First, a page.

Today, more than half of people over the age of 25 use smartphones and tablet devices to email, browse the web or connect to social media. But 30 years of Internet growing pains have left technology fans so skeptical of a safe and secure online experience that many have resorted to false identities to represent themselves in real life situations.
In the 1980s, Baby Boomers were dubbed the Me generation, stereotyped as proud and narcissistic in an era where personal achievement and self-satisfaction had cultural priority over social responsibility.
In the 1990s, Generation Xers were criticized for latching onto the swiftly emerging media presence, utilizing music, television and film as a tool to educate the masses on controversial topics like school violence and teen drug use. They embraced social diversity, finding equality in demographics like ethnicity, sexual orientation and gender identity.
In the 2000s, Millennials built a reputation of confidence and entitlement, detaching from institutions and increasing their network with peers and colleagues, according to a 2014 Pew Research Center report. They also exhibited increased support for liberal social issues, like same-sex marriage and legalized marijuana, and displayed substantial familiarity with rapidly advancing technologies.
By 2012, personal computers had wired their way into three-fourths of all U.S. homes, and the Internet had quickly become the preferred method of communication for individuals around the globe.
But somewhere in the effort to stay connected with the world and all of its diversity, those individuals developed a fear of one another and hid behind fake profile monikers and partially obscured photos.
Countless news broadcasts generated panic across the nation as story after story of credit card and identity theft flooded the media.
Undercover reporters exposed Internet prowlers who lured young children into sexual situations under the guise of online chatroom personas.
Gradually, much of the convenience the web had to offer was overshadowed by the threat of terror, only a keyboard stroke away.
Even online dating became less about romantic escapades and more about survival of the fittest. Dating websites adorned in hearts and roses promised the mate of your dreams, but hidden behind the generic profile questionnaire still lurked a total stranger.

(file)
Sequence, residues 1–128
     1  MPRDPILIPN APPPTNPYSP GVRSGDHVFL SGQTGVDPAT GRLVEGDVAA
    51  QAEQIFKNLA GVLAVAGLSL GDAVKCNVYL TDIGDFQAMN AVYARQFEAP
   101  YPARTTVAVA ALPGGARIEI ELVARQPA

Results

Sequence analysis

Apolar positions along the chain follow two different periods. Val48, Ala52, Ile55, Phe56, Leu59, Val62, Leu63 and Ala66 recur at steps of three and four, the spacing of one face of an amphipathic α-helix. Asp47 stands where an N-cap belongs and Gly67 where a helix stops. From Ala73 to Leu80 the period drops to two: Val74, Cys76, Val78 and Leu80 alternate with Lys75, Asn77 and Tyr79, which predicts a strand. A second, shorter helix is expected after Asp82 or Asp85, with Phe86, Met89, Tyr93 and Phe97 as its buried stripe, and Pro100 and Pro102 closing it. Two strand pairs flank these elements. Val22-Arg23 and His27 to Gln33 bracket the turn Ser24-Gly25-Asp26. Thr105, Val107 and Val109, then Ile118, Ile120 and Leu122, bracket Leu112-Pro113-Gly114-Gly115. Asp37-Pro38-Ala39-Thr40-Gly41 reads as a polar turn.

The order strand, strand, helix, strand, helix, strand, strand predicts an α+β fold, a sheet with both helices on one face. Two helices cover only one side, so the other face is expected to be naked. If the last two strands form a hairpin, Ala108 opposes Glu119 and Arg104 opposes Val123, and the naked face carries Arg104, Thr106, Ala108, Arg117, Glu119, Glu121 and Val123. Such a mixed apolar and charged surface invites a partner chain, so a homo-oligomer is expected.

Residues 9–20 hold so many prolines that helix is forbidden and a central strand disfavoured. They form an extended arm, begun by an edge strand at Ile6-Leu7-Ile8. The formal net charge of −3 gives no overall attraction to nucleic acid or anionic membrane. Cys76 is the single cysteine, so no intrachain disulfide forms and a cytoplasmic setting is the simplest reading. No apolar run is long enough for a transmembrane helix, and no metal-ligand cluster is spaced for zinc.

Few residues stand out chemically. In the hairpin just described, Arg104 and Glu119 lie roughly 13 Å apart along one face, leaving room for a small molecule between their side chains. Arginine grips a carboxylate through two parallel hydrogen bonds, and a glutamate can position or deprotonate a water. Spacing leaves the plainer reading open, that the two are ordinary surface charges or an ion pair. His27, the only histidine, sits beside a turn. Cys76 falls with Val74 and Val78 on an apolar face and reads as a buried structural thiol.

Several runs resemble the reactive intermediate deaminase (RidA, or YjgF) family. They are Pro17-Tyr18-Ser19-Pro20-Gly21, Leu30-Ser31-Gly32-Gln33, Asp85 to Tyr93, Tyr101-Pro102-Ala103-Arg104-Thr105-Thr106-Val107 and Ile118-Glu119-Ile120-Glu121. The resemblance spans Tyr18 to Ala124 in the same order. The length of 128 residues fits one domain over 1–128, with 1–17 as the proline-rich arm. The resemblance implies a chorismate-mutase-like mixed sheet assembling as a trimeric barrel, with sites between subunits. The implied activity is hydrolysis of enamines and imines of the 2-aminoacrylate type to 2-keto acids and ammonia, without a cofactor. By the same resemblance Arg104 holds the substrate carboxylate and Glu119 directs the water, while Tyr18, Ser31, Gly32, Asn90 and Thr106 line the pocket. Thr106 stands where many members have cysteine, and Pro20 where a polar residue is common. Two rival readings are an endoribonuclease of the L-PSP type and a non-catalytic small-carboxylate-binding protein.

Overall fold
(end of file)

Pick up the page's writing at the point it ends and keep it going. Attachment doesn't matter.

So what are we to do in today’s social media driven world, where identity and individualism are so critical to making one’s mark in society?
The web is a vast entity of endless space waiting to be pumped full of information.
So what’s the big deal with creating a couple different identities to suit your needs and hopefully gain some sense of security in the process?
Media giant Facebook recently ramped up enforcement of its Real Name Policy, forbidding titles, nicknames and in some cases, professional stage names like those of actors, musicians and drag queens.
Opponents of this policy argue that identifying a name as “real” or not introduces a whole world of complication. Some fear an increased risk of bullying if they are forced to use birth names.
But the social media company contends that “having people use their real names on Facebook makes them more accountable, and helps us root out accounts created for malicious purposes, like harassment, fraud, impersonation and hate speech.”
Other social media apps, like Secret, are the antithesis to this philosophy. Based entirely on anonymous messaging in a public forum, Secret encourages users to post and engage in raw and honest conversations, yet hide behind the guise of anonymity.
This cowardly nature of throwing slurs without accepting the responsibility of repercussion creates a whole shitstorm of problems, as enemies share once treasured secrets about former friends, regardless of whether they are true or riddled with hateful lies.
There is something to be said about the nature of this style of communication, where an app encourages people to have public forum to pad their own opinions without having to face the consequences of mature and civil debate because they are doing it anonymously.
Secret’s CEO David Byttow recently assured critics that the app is working diligently to eliminate abusive cyber-bullying via a community flagging system and a team of real-life post moderators, but not everything gets deleted before the harmful damage is done.
We must stop treating each other with such hatred.
It is alarming how vicious human beings can be toward one another. We are living in a time where our coexistence and support of each other have never been more crucial to our civil rights as equal persons.
At some point, we felt the pressing need to hide our true identities behind the mask of a digital screen, but in the process we started to lose our integrity.
Words are powerful weapons that can cut deeper than a blade.Stand proudly behind them, if anything to give meaning and purpose to your intentions, but more importantly to establish credibility among your peers.
Most of us have at one time or another wanted to better ourselves as we grow and adapt to our surroundings. As a community, it is our responsibility to nurture and praise the unique differences in one another, not mock individuals for paving their own roads.
This is not to condone all of the negative effects felt by various communities as a result of Facebook’s Real Name Policy. It is to say that maybe removing the mask of anonymity and providing our real names online would make us less inclined to bully.
Think about what you say, but more importantly: Be yourself.